Home News Environmental changes are exacerbating human, animal and plant diseases, study finds

Environmental changes are exacerbating human, animal and plant diseases, study finds


Some of the large-scale changes humans are causing to the planet—including climate change, biodiversity loss, and the spread of invasive species—are making infectious diseases more dangerous to people, animals, and plants. A new study.

Scientists have previously documented these effects in more targeted studies of specific diseases and ecosystems.For example, they found a Climate warming may lead to the spread of malaria Declining wildlife diversity in Africa could increase Lyme disease cases in North America.

But the new study, a meta-analysis of nearly 1,000 previous studies, shows that these patterns are relatively consistent across the globe and across the tree of life.

“This is a big advance in science,” said Georgetown University biologist Colin Carlson, who was not an author of the new analysis. “I think this paper is one of the strongest pieces of evidence that has been published about how important it is for health systems to start preparing to survive in a world of climate change and biodiversity loss.”

The researchers also found that urbanization reduces the risk of infectious diseases, which may be a more surprising finding.

The new analysis, published Wednesday in the journal Nature, focuses on five “global change drivers” that are transforming ecosystems around the world: changes in biodiversity, climate change, chemical pollution, the introduction of non-native species, and habitat loss or Variety.

The researchers collected data from scientific papers that examined how at least one of these factors affects outcomes, such as severity or prevalence, of various infectious diseases. The final data set includes nearly 3,000 observations of human, animal and plant disease risk on every continent except Antarctica.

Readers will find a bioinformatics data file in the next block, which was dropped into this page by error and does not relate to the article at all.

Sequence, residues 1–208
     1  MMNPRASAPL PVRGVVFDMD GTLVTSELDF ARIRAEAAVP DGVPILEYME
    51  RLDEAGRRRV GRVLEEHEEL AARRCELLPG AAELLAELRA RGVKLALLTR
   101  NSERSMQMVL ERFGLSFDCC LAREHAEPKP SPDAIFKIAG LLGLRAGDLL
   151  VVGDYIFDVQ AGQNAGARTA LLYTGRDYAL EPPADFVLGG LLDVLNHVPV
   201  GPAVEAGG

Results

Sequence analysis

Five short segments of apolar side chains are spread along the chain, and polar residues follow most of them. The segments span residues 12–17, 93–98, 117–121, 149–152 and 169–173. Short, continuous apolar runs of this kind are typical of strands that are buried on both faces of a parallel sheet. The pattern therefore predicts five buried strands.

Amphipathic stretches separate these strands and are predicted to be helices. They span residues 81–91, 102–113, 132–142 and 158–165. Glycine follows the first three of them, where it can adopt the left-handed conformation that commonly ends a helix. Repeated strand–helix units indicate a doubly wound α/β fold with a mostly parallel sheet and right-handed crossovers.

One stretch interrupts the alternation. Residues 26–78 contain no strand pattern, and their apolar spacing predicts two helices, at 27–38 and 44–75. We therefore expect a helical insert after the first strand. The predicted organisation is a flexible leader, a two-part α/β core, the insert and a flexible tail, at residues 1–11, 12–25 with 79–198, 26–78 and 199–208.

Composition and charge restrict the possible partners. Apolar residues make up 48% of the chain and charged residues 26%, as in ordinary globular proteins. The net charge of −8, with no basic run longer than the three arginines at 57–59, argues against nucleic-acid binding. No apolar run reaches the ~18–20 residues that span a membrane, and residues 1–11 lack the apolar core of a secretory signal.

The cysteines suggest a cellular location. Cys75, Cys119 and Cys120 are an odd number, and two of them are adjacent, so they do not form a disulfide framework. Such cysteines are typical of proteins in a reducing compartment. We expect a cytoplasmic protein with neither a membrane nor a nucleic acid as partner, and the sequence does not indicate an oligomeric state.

The researchers found that overall, four of the five trends they studied — changes in biodiversity, the introduction of new species, climate change and chemical pollution — tended to increase disease risk.

“This means we may be discovering general biological patterns,” said Jason Rohr, an infectious disease ecologist at the University of Notre Dame and senior author of the study. “This suggests that similar mechanisms and processes may exist in plants, animals and humans.”

Researchers found that biodiversity loss plays a particularly important role in increasing disease risk. Many scientists believe that biodiversity protects against disease through a phenomenon called the dilution effect.

The theory is that parasites and pathogens that rely on abundant hosts to survive will evolve to favor common species over rare ones, Dr. Rolle said. As biodiversity declines, rare species tend to be the first to disappear. “That means the remaining species are capable and are the ones that are really good at spreading disease,” he said.

Lyme disease is one of the often cited examples. Dr Rolle said white-footed mice were the main host of the disease and had become more dominant in the landscape as other rare mammals disappeared. This shift may partially explain the rising incidence of Lyme disease in the United States. (The extent to which the dilution effect contributes to Lyme disease risk has been a subject of debate, and other factors, including climate change, may also play a role.)

Other environmental changes may amplify disease risk in a variety of ways. For example, introduced species may introduce new pathogens, while chemical contamination may stress an organism’s immune system.Climate change can alter animal movements and habitats, bringing new species into contact and allowing them to exchange pathogens.

Notably, the fifth type of global environmental change the researchers studied—habitat loss or change—appeared to reduce disease risk. At first glance, the findings appear inconsistent with previous research, which has shown that deforestation increases the risk of diseases such as malaria and Ebola. But the overall trend toward lower risk is driven by one specific type of habitat change: increased urbanization.

The reason may be that urban areas generally have better sanitation and public health infrastructure than rural areas, or simply because urban areas have fewer plants and animals that serve as reservoirs for disease. The lack of plant and animal life “is not a good thing,” Dr. Carlson said. “It also doesn’t mean animals in cities are healthier.”

The new study doesn’t dismiss the idea that forest loss exacerbates disease. Conversely, deforestation increases risk in some cases and decreases it in others, Dr. Rohr said.

In fact, Dr. Carlson noted that while this meta-analysis is valuable for revealing broad patterns, it may obscure some of the nuances and exceptions that are important for managing specific diseases and ecosystems.

Furthermore, most of the studies included in the analysis examined only a single global driver of change. However, in the real world, organisms are dealing with many of these stressors simultaneously. “The next step is to better understand how they are connected,” Dr. Rohr said.

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